In a recent commentary, I examined what economic theory can tell us about the effects a universal basic income would have on work incentives. But theory alone is not enough. We need also to look at evidence. The following will review the evidence from a set of experiments that were conducted in the 1970s as part of an attempt to make antipoverty policies of that era more effective.
These welfare experiments — or income maintenance experiments (IMEs) as we should more properly call them — were true randomized field trials. Such trials are considered the gold standard for testing new medicines or new crop varieties, but they are used all too rarely for testing economic policies. (By way of exception, another set of welfare experiments were conducted in the 1990s in conjunction with the welfare reforms of the Clinton years.)
Critics often say that UBI supporters pay insufficient attention to the IMEs. As Bryan Caplan puts it, in a recent piece for at the Library of Economics and Liberty,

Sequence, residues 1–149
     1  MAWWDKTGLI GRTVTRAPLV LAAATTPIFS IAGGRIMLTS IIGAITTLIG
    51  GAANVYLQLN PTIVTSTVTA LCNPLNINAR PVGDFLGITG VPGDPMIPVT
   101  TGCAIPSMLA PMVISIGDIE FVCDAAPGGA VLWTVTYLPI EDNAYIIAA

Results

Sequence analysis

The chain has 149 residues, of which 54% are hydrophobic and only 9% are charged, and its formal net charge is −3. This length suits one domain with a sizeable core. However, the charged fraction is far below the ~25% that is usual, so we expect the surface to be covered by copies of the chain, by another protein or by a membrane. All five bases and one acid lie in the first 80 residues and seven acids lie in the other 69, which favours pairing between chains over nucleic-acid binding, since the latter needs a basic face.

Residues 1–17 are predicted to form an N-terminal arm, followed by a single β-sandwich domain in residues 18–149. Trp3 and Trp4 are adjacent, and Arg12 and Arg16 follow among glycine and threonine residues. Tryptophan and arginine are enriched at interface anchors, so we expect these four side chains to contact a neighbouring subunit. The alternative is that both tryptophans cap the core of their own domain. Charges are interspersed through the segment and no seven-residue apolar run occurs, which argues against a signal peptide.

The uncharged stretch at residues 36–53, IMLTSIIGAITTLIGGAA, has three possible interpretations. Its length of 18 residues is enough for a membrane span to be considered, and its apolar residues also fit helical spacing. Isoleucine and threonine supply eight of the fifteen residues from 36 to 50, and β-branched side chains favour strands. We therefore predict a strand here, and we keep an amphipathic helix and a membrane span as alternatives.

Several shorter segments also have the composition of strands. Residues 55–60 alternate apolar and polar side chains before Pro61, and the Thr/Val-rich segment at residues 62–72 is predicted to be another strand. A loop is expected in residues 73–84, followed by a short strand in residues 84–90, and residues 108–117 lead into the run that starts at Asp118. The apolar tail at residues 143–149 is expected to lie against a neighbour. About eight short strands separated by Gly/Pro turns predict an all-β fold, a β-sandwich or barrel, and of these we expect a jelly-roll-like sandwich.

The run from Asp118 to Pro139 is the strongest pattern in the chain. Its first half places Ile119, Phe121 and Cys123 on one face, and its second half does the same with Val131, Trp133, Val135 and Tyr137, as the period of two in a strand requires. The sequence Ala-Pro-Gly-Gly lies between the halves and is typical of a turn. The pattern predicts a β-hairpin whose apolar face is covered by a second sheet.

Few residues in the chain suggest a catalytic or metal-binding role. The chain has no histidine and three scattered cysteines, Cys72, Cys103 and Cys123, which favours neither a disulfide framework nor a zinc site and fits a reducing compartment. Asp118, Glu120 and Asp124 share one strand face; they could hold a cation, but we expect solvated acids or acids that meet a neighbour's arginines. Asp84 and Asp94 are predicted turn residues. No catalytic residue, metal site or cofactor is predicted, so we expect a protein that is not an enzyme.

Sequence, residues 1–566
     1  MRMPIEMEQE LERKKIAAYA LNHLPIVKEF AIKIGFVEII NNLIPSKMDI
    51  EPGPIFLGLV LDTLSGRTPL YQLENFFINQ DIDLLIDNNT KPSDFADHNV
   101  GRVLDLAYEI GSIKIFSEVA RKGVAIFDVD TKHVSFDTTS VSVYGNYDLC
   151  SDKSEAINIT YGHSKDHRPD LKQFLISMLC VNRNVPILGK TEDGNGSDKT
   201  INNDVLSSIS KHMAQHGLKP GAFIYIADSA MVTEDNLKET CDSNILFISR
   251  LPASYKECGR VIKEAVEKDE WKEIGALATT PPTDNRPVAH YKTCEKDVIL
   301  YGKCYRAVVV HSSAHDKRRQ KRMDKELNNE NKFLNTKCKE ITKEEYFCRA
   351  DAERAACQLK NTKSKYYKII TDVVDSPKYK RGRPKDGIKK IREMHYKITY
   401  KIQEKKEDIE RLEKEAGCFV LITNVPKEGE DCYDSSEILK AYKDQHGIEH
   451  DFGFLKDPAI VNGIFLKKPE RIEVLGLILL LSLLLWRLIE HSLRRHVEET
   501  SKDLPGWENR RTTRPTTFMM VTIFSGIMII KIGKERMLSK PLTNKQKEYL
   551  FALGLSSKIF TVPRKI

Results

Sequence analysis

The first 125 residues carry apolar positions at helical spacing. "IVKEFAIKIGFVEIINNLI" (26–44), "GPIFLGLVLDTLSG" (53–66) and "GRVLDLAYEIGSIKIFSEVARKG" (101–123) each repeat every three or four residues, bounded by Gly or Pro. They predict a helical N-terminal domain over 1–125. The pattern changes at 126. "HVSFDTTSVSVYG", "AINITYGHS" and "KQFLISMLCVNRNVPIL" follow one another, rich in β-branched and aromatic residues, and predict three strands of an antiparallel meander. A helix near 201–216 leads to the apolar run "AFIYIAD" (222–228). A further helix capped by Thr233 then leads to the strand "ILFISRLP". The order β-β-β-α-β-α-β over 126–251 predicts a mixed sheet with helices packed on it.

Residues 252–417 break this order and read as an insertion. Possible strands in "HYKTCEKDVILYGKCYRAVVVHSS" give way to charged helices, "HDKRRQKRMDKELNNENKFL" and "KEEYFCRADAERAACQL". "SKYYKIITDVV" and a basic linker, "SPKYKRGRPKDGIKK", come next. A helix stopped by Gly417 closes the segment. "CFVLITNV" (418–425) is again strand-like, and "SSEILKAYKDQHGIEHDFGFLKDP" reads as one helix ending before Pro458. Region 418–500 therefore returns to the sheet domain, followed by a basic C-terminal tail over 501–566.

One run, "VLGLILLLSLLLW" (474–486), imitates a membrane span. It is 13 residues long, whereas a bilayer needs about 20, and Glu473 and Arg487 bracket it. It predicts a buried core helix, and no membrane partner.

If I were an enthusiastic UBI advocate, I would know this experimental evidence forwards and backwards. Almost all of the advocates I’ve encountered, in contrast, have little interest in numbers or past experience. What excites them is the “One Ring to Rule Them All” logic of the idea: “We get rid of everything else, and replace it with an elegant, gift-wrapped UBI.” For a policy salesman, this evasive approach makes sense: Slogans sell; numbers and history don’t. For a policy analyst, however, this evasive approach is negligence itself. If you scrutinize your policy ideas less cautiously than you read Amazon reviews for your next television, something is very wrong.
Writing on the Heritage Foundation website, Robert Rector and Mimi Teixeira echo Caplan’s sentiments. They point to the IMEs of the 1970s to support their view that a UBI would harm recipients and increase dependence on government. Their conclusion:
Universal basic income policy is an idea with a record of failure; policymakers seeking to reform the welfare state should focus instead on policies proven to work.
But are those really the lessons of the IMEs?